For over one thousand years Constantinople (now Istanbul) was a byword for awe-inspiring splendour. Named after the Emperor Constantine the Great (r. 306â337), who transferred the capital of the Roman Empire there in 324, the city also became the Christian capital of the world.
The Golden Canon Tables (British Library Add MS 5111/1 [ff. 10â11]) are spectacular witnesses to the remarkable quality of painting undertaken in Constantinople to embellish Christian texts. For one modern authority, they are âperhaps the most precious fragments of any Early Christian manuscriptâ (Kurt Weitzmann, Late Antique and Early Christian Book Illumination, p. 116). Now mere fragments, they both hint at what fine early manuscripts of the Bible we might have lost and caution against rash generalisations based merely on those that have survived. The Canon Tables are now available on our Digitised Manuscripts website to view in glorious detail with the zoom feature.
The Golden Canon Tables: Add MS 5111/1, f. 10r
As we mentioned in a blogpost several weeks ago, as a text the canon tables are ubiquitous and fundamental to Christian copies of Scripture over many centuries. Of the two thousand or so manuscripts that each contains the Four Gospels in Greek (literally, the Tetraevangelion), the vast majority begin with these tables. Devised by the early Church Father Eusebius (d. 340), bishop of Caesarea in Palestine, these tables formed a unifying gateway to the fundamental but multiple narratives of the Evangelists Sts Matthew, Mark, Luke and John. Canon 1 lists passages common to all four Gospels, Canons 2â9 different combinations of two or three Gospels and Canon 10 those passages found only in one Gospel. Building on a system of dividing up the text of the Gospels into verses that he attributed to Ammonius of Alexandria, Eusebius assigned consecutive numbers to sections in each Gospel and used these numbers within his tables to correlate related passages. The present leaves are rare witnesses of an early revision of Eusebiusâs tables.
The Golden Canon Tables are a chance survival. Separated from the text of the Four Gospels that they once prefaced, they were added to a Greek Gospels written sometime before 1189. As they survive, the tables comprise the end of Eusebiusâs letter, part of Canon 1, all of Canons 8â9 and part of Canon 10. Originally each of the two leaves would have been around twice as large. Both letter and tables are written in an imposing majuscule, or upper case, script on parchment previously painted entirely with âshellâ gold, that is powdered gold suspended in a binding medium so-called because this pigment was often kept in a shell in the early Christian and medieval periods.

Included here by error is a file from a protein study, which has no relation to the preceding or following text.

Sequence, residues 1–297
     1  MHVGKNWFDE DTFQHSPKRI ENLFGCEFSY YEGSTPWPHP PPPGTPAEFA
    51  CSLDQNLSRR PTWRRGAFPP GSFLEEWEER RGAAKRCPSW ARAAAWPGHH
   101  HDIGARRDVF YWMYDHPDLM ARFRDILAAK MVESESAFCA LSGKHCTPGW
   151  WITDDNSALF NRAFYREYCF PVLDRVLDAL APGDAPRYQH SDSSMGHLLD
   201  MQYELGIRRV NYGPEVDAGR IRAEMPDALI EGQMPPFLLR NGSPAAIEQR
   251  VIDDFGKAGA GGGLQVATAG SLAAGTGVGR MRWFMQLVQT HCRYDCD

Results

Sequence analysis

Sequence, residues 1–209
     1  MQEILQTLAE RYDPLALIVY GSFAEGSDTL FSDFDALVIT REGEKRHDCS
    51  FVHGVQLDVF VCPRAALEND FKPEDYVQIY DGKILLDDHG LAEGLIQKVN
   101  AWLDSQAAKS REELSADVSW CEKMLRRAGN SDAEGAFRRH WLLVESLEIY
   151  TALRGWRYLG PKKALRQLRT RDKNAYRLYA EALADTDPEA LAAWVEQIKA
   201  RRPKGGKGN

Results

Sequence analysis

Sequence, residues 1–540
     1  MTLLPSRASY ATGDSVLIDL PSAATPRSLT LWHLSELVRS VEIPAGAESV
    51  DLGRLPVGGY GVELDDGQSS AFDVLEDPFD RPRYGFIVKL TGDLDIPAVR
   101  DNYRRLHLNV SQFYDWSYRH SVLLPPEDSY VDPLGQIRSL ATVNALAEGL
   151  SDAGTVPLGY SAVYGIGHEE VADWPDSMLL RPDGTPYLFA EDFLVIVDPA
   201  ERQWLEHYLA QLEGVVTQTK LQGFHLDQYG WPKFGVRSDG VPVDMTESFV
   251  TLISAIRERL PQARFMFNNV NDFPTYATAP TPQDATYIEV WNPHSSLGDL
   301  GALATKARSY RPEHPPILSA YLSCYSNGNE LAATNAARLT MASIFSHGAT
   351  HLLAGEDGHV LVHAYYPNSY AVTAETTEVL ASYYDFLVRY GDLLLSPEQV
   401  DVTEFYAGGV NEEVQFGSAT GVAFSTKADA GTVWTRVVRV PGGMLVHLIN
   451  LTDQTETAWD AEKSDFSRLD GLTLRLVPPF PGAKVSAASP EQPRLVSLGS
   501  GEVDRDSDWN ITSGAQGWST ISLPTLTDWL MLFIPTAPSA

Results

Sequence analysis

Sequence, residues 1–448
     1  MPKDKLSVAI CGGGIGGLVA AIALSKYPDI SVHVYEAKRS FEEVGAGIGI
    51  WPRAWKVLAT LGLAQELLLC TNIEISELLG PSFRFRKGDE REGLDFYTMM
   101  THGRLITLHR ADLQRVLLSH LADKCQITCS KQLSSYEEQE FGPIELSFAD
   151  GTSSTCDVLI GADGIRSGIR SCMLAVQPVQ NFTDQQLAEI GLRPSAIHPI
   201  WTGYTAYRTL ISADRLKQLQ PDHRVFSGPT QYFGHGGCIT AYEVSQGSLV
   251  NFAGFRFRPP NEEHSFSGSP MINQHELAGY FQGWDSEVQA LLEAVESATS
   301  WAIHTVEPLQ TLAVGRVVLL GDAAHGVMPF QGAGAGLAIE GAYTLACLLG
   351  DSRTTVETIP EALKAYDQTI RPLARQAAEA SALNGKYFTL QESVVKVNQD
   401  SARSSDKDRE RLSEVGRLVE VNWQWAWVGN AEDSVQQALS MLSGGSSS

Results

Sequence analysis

The Golden Canon Tables: Add MS 5111/1, f. 10v
Each is framed by magnificently illuminated columns and arches that distinctively combine rigorous geometric and linear forms with remarkable naturalistic features. Carefully drawn outlines and regularly applied paint stress the surface qualities of the overall architectural scheme. Elsewhere lavish and energetic brushwork emulate three-dimensional, natural forms, including lushly growing flowers and colourful birds. The letter is enclosed by one wide arch that once extended to the full width of the page and the tables by two narrower arches on each page.
Within the tables each of the arches is inscribed at the top with the canon number and subdivided below into further smaller arches, each of which is headed by the abbreviated name of the relevant Evangelist. Below each of these smaller arches are the parallel lists of section numbers for each Gospel, written in Greek letters and in groups of four.
The Golden Canon Tables: Add MS 5111/1, f. 11r (detail)
Within the surviving arches are four complete medallions with male bust portraits, three of which bear haloes. Each of these medallions emulates an ancient Roman form of portraiture known as the imago clipeata (shield portrait) which honoured the dead by a bust set within a round, shield-shaped form. The Christian symbol of the fish is included in the decorated arch directly above the bust portrait heading Canons 8 and 9. When complete the Golden Canon Tables probably contained twelve bust portraits. It has been argued that these memorialised the Apostles and were inspired by similar busts set in the arcades of the rotunda mausoleum of Constantine the Great located beside the Church of the Apostles at Constantinople.
For more information about Greek illuminated Gospels in general, including the Golden Canon Tables, please see our webspace dedicated to Greek manuscripts.
Carl Nordenfalk, Die spĂ€tantiken Kanontafeln (GĂ¶teborg, 1938), pp. 127â46.
Carl Nordenfalk, âThe Apostolic Canon Tablesâ, Gazette des Beaux-Arts, 62 (1963), 17â34 (pp. 19â21).
Kurt Weitzmann, Late Antique and Early Christian Book Illumination (London, 1977), pp. 19, 29, 116, pl. 43.
Byzantium: Treasures of Byzantine Art and Culture from British Collections, ed. by David Buckton (London, 1994), no. 68.
John Lowden, âThe Beginnings of Biblical Illustrationâ, in Imaging the Early Medieval Bible, ed. by John Williams (University Park, PA, 1999), pp. 9â59 (pp. 24â26).
Scot McKendrick and Kathleen Doyle, The Art of the Bible: Illuminated Manuscripts from the Medieval World (London: Thames & Hudson, 2016), available here.
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